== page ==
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peared on the land tax rate (1), but the receipt given to the tenant was for “ so much assessed on the landlord," it was held that this receipt related back to the time of the rate, and that the landlord was the person rated. (2) The name of the farm Waynllwyd was inserted in the poor rate, without reference to the landlord or tenant. The landlord paid the taxes by the tenant's desire, who allowed them to him again. But it appeared that the overseers of the poor, who received the tax from the landlord, knew nothing of the pauper, nor whether he resided at the farm at the time. It was held that he was not rated so as to acquire a settlement. For rating the house is not sufficient, when the presumption that the parish could not but know who was the occupier is negatived by express proof of the fact.(3)
Of the Payment.
It is necessary that the person rated should pay the tax, or he cannot acquire a settlement. (4) But he will gain one by being rated and paying, although he is wrongfully assessed for premises which another occupied; for these facts amount to a public recognition by the parish of the man's inhabitancy among them. The pauper went to live with his mother, as part of her family, at S., where she had a house and small parcel of land which she occupied herself. Whilst he lived with his mother he was included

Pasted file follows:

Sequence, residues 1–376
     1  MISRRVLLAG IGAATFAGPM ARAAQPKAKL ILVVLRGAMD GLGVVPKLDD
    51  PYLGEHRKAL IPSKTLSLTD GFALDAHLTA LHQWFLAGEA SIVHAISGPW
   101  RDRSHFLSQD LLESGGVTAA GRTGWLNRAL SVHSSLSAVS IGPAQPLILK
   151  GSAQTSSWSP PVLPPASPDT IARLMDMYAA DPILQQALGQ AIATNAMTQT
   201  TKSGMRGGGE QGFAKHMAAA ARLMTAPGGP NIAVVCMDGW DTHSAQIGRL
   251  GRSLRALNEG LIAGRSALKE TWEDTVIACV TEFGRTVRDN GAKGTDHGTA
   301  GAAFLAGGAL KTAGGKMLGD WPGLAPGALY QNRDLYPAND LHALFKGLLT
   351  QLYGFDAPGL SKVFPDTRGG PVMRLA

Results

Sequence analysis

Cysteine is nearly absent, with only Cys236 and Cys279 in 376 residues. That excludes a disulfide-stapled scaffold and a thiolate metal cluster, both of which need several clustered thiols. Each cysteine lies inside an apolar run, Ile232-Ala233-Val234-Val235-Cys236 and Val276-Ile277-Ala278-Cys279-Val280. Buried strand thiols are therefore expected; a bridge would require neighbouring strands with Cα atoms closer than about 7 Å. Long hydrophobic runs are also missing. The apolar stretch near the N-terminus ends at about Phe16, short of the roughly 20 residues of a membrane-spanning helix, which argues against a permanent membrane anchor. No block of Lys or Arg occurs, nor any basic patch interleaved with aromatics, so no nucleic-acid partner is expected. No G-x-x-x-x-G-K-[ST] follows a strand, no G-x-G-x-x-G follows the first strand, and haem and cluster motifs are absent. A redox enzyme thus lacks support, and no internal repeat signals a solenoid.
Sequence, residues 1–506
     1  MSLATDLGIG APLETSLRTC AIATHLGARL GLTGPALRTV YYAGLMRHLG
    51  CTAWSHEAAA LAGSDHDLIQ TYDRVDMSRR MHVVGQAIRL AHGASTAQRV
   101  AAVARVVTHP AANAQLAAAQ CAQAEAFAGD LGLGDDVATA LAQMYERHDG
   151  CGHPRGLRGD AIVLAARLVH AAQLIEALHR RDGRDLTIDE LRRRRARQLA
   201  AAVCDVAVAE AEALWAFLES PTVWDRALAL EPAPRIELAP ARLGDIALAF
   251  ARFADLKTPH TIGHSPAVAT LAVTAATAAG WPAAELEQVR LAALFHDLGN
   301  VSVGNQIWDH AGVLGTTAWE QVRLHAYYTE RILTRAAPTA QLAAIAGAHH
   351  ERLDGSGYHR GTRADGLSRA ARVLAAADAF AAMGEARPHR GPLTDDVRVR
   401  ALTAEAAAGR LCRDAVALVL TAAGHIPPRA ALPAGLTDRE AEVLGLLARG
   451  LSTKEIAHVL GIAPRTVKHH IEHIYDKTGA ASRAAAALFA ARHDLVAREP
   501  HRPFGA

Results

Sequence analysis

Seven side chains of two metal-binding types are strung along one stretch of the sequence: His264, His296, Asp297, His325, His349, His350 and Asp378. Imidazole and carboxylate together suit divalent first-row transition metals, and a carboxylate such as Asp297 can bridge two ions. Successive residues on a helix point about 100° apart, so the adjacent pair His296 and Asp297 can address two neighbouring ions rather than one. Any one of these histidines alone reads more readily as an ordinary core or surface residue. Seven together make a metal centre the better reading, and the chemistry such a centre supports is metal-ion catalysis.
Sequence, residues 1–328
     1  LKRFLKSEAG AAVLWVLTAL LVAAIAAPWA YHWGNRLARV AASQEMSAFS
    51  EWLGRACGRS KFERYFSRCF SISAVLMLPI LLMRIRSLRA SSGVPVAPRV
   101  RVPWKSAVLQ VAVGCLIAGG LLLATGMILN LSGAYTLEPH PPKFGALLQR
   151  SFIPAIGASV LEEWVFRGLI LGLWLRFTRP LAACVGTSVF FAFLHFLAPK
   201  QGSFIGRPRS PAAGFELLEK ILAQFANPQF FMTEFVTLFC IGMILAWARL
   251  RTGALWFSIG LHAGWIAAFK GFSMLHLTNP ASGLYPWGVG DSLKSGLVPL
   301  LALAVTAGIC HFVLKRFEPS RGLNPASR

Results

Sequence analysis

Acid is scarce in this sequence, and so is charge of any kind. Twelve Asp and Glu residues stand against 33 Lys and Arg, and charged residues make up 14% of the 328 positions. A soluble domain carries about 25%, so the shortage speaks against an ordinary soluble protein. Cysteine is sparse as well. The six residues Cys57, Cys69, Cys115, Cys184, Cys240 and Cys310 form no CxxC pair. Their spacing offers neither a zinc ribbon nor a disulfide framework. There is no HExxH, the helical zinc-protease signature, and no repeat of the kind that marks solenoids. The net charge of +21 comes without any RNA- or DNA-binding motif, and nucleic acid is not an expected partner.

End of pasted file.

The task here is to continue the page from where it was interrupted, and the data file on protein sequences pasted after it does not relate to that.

(1) This rate contained a column entitled, “ what assessed and where situated,” under which and opposite to the pauper's name was inserted “ tenant.” Buller J. held the receipt to be strong evidence, that the tenant paid the rates as agent to the landlord.
(2) Rex v. St. James, Bury St. Edmund's, Cald. 385.
(3) Rex v. Llangammarch, 2 Term Rep. 625. See Rex v. Painswick, ante, 127.
(4) See Rex v. St. Nicholas, Abingdon, Skin. 620. Telburn v. Bos. ton, 2 Salk. 523.
in a house and church rate for the parish of S., being charged as occupier of the land belonging to his mother. He paid such assessments, although he did not, during any part of the year, occupy the whole or any part of that land, or any other house or land in that parish. The Court were very clear that he gained a settlement. (1)